SuperLLaMA: Testing Generative AI on Open-Source Models

Behind Supernormal’s meeting notes is a world-class AI team laser-focused on helping everyone use AI to succeed at work. In addition to building the technology that powers the Supernormal products you depend on, our AI team works on cutting-edge research to discover new technologies to power the Supernormal of the future and contribute to the greater AI ecosystem. Over the last few months, our team has been experimenting with SuperLLaMA, a custom model built by Supernormal based on the LLaMA open-source model.  

How Supernormal Works Today

Like any meeting attendee, Supernormal's AI notetaker, Norm, attends the meeting. It then transcribes it and uses various LLM services (like OpenAI, PaLM, Claude) and proprietary fine-tuned models to generate meeting notes, including a summary and action items. The two main ML components in this workflow are speech-to-text (for transcribing meetings) and LLMs (to generate meeting notes from transcribed speech).

At Supernormal, we run the meeting transcription in real-time and use the transcribed text to generate notes for every k minutes of the meeting in real-time as well. This transcript, along with an appropriate prompt (depending on the meeting type), is then used to generate the meeting notes.

Open-Source Model Advantages 

The state-of-the-art in generative text AI applications, like summarizing meetings, currently is mostly produced through providers like OpenAI on GPT-4 and GPT-3.5-Turbo. These models are closed-source, accessed via an API, and require a fleet of dedicated servers to satisfy inference requests. However, a recently leaked Google memo [Link] pointed to a possible future for generative text built on open-source models.

The recent research in instruction-tuned models like Alpaca (LLaMA), Vicuna (LLaMA), Dolly (Pythia) has shown great promise on a multitude of various tasks. Many of them have shown at-par performance with some of the larger models like GPT-3.5, GPT-4, and PaLM. Using open-source models has a number of advantages including: 

  • Costs - LLM services charge on a word level and for startups built around LLMs, service costs are a major factor.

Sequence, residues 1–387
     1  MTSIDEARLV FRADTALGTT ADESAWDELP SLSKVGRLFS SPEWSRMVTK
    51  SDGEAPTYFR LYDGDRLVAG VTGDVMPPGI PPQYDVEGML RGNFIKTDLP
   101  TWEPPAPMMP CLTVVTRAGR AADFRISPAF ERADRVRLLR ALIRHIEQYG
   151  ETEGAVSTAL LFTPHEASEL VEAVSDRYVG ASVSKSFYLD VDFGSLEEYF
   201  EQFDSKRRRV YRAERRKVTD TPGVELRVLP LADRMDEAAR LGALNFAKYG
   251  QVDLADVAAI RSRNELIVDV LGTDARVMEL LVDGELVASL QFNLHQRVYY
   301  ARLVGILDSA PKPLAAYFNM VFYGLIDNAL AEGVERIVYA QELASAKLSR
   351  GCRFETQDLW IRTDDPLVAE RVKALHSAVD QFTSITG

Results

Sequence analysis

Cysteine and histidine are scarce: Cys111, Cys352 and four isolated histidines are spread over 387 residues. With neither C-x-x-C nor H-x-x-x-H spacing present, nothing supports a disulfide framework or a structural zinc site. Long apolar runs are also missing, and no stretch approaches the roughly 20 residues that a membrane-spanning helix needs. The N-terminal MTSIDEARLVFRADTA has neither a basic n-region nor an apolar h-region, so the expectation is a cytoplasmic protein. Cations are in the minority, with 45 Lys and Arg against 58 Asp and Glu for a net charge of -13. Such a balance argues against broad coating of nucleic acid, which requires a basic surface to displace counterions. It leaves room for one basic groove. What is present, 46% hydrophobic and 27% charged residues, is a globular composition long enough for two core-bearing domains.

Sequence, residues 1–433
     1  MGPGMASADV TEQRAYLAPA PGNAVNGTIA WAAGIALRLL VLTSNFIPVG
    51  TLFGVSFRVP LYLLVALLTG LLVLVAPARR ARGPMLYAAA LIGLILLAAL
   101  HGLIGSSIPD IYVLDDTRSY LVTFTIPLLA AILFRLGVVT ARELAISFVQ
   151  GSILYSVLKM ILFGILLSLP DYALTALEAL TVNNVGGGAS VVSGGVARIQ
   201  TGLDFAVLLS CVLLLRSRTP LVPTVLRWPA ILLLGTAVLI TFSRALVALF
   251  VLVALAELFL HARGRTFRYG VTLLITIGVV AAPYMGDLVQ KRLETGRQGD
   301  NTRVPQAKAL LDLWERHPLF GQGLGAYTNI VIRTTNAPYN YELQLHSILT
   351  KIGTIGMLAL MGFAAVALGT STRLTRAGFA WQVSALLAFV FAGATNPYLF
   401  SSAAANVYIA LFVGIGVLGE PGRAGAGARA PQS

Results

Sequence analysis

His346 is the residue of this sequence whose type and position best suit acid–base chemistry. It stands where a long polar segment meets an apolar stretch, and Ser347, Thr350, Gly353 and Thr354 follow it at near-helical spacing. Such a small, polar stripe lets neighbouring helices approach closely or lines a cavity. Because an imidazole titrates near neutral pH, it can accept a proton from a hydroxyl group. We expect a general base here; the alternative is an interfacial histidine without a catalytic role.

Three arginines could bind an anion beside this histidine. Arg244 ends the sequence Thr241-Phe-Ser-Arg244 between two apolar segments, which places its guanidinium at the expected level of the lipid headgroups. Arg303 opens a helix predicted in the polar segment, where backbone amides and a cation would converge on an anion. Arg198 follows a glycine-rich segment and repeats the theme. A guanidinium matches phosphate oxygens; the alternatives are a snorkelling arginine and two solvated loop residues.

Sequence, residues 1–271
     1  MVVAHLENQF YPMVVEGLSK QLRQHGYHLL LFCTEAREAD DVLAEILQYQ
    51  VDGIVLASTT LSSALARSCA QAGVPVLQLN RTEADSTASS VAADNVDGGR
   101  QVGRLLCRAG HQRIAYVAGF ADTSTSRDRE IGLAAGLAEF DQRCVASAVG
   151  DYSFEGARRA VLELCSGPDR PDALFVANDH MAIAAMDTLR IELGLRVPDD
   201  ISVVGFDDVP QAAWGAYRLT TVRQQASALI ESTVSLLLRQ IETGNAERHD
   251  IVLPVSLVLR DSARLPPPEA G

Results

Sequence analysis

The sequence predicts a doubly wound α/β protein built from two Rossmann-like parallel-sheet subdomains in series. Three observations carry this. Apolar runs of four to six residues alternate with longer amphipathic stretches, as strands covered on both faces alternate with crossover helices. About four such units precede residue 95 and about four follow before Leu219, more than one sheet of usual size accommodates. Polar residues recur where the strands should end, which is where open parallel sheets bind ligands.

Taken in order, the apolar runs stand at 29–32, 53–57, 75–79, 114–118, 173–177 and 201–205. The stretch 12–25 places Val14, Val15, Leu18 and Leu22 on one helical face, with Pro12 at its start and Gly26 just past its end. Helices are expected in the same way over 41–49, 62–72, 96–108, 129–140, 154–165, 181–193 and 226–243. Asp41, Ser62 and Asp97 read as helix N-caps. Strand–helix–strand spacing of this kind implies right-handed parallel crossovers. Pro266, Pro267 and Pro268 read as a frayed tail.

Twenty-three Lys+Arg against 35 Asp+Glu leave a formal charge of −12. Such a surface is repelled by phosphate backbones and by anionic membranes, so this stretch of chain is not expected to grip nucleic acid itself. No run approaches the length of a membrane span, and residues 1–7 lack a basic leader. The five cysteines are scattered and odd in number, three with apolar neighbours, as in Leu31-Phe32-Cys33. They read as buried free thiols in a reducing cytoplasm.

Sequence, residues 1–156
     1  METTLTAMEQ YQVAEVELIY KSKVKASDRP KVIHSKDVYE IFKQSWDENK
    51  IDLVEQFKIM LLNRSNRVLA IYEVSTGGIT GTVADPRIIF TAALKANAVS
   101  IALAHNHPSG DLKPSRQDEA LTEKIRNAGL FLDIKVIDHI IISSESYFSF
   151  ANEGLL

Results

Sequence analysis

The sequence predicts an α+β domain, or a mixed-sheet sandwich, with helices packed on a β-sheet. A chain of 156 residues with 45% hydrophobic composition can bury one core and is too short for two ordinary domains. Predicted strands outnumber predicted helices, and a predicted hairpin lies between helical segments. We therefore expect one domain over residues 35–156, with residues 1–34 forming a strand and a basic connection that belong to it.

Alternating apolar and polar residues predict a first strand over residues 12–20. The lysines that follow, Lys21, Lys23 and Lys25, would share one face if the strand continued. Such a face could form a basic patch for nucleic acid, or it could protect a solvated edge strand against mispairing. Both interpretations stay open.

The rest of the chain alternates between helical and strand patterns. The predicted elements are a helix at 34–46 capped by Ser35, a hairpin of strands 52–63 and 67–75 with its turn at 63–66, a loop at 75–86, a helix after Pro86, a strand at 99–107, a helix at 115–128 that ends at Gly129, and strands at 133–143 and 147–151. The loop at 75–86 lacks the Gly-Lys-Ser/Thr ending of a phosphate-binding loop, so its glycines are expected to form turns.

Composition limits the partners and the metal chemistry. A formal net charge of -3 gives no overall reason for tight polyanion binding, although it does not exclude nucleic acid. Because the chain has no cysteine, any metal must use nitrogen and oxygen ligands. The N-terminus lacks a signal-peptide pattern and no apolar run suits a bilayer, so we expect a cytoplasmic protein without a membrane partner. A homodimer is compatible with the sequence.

• Customization - Open-source models can be trained on internal data and leveraged for providing a better customer experience by personalizing the model to customer needs.
  • Control - The downtime of LLM providers has a direct impact on an LLM-dependent product, using self-serve models provides more control and contingency plan options.

Zooming in on cost, the summarization of an hour-long meeting is fairly expensive. If you want to extract high-quality action items, a summary, and other key details from a meeting, you can expect to spend more than $3 per meeting in computing costs. 

We began by asking what it would take to provide the same quality of output, but only using models that run on your computer. Edge computing (on your laptop) skips the compute costs entirely but would require a full machine learning pipeline that has:

  • A local speech-to-text model.
  • A local LLM model for generating the meeting notes summary and action items from the transcribed text.

Experiment Goals

Since LLaMA cannot be used for commercial purposes yet, the goal of this experiment was not to develop a parallel commercial model, but to explore how the model performs on internal use cases. With a growing customer base and over 2 million notes per month, developing local models could help us solve the issues we outlined above. To evaluate the model we set out to (1) integrate Whisper + Speaker Diarization + feeding in input audio into an end-to-end demo, and (2) fine-tune the LLaMA model on anonymized notes.

LLMs Background

Most LLMs are built on top of different variations of the transformer architecture proposed in Attention is All You Need [Link]. All of them were trained with the objective of predicting the next word given the initial sentence. This can be compared to the keyword suggestion feature on mobile phones, where the keyboard suggests words as we type. The models are known as Language Models (LM), and due to the large number of parameters in these models, these are referred to as Large Language Models (LLMs).